TERRE HAUTE, Ind. (WTWO/WAWV) — In response to a surge of antisemitic incidents, many people across the country have expressed concern, eventually leading to a task force created by President Biden to combat antisemitism and other forms of bigotry.
“I think the biggest problem is silence,” Alex Kor, son of Holocaust survivors Eva and Mickey Kor, said. “In order for this to go away or get better, you gotta get everybody to come to the table and talk about it. My hope is that Terre Haute, and CANDLES, and the Holocaust community shines a light on this very sad subject and that people continue to do their part and try to educate. Because really, it comes down to education. People can be ignorant, but education will ultimately win out.”
CANDLES Holocaust Museum has been a voice for education and forgiveness not just in Terre Haute, but all over the state and even further since its opening in 1995. After surviving and enduring the Holocaust and encounters with Nazi doctor Josef Mengle with her late twin, Eva Kor became an advocate for a better world. She founded CANDLES to spread awareness and education, working to create a safe space for the Jewish people of Terre Haute and others until her death in 2019.
“Antisemitism is obviously not a new concept. My parents were victims if you will, but my mom didn’t like that term, of antisemitism. And antisemitism does seem to be rearing its ugly head,” Kor said. “I grew up in Terre Haute, Indiana. When I was in the 6th grade, my family house was the object of antisemitism. They drew swastikas on our house. But this can happen anywhere. It’s up to each and every one of us to do our part, recognizing that collectively, collaboratively we can make a difference.”
While some recent headlines showcase ideologies often focusing on antisemitism from popular celebrities, several voices in the local Terre Haute community are speaking out and standing up against discrimination.
“We see that here, in the Wabash Valley, and not just here at CANDLES, but it just seems to me that more and more people are speaking out and saying hateful things and they may not necessarily be antisemitic, but it could be anti-Black, or anti-LGBTQ, it doesn’t matter,” Troy Fears, CANDLES executive director explained. “Whether it be online or in-person or however, it really is a fundamental part of our society that we can’t allow that to happen. That’s a problem that we have as a society, in my opinion, that we’ve allowed social media to kind of take over and be uncontrollable.”
Within the last year and a half, CANDLES has seen five antisemitic incidents toward the museum, Fears said. Between swastika stickers on the door and extremist propaganda littered in the museum parking lot, CANDLES, along with other Jewish-affiliated establishments in the Terre Haute area have experienced a variety of hateful actions towards their establishments, Fears said.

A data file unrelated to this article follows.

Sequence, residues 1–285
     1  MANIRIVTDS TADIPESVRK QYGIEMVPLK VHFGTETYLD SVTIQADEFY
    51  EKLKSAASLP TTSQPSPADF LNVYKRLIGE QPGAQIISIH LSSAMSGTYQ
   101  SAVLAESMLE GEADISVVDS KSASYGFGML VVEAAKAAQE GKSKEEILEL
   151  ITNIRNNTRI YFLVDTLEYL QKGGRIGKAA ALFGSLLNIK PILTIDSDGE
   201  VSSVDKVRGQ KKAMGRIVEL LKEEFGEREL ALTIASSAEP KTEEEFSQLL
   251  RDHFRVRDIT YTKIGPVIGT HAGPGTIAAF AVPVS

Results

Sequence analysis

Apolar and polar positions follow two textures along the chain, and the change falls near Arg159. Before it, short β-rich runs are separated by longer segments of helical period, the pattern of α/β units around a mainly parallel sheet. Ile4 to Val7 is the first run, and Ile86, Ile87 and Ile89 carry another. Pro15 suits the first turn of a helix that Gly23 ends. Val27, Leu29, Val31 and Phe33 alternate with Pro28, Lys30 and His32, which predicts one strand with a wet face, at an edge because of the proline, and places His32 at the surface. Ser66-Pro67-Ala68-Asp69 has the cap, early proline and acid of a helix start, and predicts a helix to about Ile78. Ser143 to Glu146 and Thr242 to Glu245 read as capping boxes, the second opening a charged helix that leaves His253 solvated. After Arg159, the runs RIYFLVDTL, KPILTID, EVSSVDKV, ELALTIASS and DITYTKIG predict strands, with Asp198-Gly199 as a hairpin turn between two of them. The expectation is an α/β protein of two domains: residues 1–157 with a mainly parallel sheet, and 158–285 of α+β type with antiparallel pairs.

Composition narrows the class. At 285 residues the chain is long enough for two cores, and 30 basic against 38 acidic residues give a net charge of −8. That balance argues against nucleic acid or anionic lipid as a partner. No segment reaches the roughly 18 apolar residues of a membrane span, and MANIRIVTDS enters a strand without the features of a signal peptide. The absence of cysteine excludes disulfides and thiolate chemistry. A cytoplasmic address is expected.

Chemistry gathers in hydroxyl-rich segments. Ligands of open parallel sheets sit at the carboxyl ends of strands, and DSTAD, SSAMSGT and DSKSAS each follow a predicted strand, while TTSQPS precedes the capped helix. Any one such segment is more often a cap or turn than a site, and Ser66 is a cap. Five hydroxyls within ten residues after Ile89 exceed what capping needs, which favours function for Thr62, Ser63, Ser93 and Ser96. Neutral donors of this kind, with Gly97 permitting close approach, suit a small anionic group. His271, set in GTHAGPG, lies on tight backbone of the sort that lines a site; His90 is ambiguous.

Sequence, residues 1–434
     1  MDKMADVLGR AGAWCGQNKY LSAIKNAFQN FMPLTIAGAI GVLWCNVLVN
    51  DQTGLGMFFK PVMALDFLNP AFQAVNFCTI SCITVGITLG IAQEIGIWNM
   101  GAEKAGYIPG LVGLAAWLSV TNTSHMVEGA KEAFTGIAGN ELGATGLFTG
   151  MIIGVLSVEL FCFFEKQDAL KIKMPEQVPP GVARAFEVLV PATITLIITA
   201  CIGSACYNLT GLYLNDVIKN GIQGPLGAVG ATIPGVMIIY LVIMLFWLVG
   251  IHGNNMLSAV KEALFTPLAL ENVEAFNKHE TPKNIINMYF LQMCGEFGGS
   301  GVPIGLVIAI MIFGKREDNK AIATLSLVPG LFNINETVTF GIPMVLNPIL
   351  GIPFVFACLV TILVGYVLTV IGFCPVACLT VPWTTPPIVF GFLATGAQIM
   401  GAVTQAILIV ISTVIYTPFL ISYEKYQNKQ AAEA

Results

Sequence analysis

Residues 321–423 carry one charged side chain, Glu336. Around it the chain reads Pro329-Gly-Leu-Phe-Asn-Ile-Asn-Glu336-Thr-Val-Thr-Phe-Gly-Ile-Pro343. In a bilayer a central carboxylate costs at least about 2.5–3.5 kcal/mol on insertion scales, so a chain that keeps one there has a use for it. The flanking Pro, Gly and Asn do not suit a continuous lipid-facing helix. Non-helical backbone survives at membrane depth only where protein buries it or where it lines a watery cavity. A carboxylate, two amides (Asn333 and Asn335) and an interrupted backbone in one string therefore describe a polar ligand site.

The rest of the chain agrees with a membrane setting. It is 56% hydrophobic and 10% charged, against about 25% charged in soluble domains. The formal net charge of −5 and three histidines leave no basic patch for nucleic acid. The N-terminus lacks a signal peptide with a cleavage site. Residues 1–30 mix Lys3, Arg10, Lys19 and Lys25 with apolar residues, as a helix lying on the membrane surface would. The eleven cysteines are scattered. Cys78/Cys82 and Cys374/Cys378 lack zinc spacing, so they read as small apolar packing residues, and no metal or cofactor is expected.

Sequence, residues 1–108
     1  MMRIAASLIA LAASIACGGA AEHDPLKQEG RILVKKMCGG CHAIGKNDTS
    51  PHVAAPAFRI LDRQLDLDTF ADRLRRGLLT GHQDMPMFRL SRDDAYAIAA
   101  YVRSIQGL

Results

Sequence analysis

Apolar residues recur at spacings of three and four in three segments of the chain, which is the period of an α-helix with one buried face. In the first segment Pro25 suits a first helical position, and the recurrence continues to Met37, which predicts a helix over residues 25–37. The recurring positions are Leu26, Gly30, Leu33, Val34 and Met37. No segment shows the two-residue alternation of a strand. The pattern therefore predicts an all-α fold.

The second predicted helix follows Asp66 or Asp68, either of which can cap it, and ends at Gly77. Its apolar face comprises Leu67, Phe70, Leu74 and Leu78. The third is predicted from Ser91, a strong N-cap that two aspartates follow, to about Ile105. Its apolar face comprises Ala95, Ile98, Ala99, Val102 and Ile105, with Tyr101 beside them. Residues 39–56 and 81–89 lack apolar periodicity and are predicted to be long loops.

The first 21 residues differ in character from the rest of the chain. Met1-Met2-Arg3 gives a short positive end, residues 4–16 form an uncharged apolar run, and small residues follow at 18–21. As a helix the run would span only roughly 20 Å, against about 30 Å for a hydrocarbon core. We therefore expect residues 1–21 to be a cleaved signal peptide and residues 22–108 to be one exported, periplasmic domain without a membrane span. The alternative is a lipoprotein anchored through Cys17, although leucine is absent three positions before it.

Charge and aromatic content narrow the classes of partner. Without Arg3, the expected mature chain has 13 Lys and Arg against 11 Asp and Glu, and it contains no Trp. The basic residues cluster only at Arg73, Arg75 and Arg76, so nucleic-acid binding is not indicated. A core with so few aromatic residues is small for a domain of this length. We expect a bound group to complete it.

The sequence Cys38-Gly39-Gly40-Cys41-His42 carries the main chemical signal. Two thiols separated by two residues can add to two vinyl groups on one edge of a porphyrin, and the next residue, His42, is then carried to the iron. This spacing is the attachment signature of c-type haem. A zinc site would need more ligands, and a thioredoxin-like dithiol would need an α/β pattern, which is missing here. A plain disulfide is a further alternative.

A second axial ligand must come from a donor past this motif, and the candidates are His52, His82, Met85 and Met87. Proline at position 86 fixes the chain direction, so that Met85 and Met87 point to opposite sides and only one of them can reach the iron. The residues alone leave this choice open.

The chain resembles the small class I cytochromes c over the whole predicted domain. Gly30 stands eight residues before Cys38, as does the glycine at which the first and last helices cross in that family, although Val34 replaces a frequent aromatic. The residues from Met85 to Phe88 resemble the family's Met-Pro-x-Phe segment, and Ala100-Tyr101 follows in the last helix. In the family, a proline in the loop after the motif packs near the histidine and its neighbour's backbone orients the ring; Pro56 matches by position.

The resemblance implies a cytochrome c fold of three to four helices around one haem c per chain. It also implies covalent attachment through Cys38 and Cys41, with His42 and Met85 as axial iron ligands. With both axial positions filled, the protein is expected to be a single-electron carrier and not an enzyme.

Regardless of the examples of bigotry in the Wabash Valley, the message of supporting education, communication, and acceptance in order to combat antisemitism, or other forms of discrimination, coincides seamlessly among many prominent voices in the Terre Haute community.
“Often history is really uncomfortable but we have to do our best to teach our kids,” Peggy Grabowski, Terre Haute South High School teacher and STAND Club sponsor said.
Having gone to Poland with Eva Kor to visit Auschwitz and learn more about the history of the Holocaust firsthand, Grabowski described how the trip shaped her lessons and inspired her to create a Holocaust Literature class.
“I’ve been teaching about the Holocaust for some time, but that experience really just shaped my experience and how I taught the Holocaust. It really opened my eyes,” Grabowski explained.
Wanting to pass this experience on to her students, Grabowski gave an assignment that eventually led to students wanting to take action in the community and be involved. The STAND club consistently raises money through various projects to donate to multiple non-profits throughout the Wabash Valley.
“It’s just a cool thing that I’m really proud of. There are so many teachable moments for the students, ‘what did we learn from this, how do we deal with this if it’s happening in our own community? How do you address it?’ Be proactive and not just judgmental,” Grabowski said. “We’re always looking for ways to raise awareness. It’s a way for them to do simple things from local to international. It’s a way for students to be more proactive, when you see these things it’s very alarming, but it’s a platform and way for students to be very active, and it allows students to take a role. They’re our future. I’m super proud of my students, I really am.”
Eva Kor was an advocate for forgiveness and education and helped bring those principles to the community. Those who knew her saw her tenacity and willingness to have an open and honest conversation with people.
“About 10-15 years ago, she was planning another trip to Auschwitz, and the president of Iran was saying the Holocaust never occurred. So she sent him a YouTube video of her at CANDLES, pointing at her liberation picture, and saying ‘look president, I know you’re a smart guy, but you see me, I’m a real person and this is where I was at in 1945. I want to invite you to come to Auschwitz with us on our upcoming trip’ and she got a response,” Kor said.
Fears expressed concerned about history repeating, and encouraged people to speak out.
“I do think there is a fire happening in our country right now with extremists and the rise of antisemitic and hateful and bigotry speech, and it is time for us to put out that fire,” Fears said. “We’re seeing the same things happen now that happened 80 years ago as far as propaganda and hateful speech. We all know what happened 80 years ago, and we’re seeing signs of that now, and we obviously do not want that to happen ever again, so we have to come out as a society and say ‘no this isn’t right and this isn’t acceptable.'”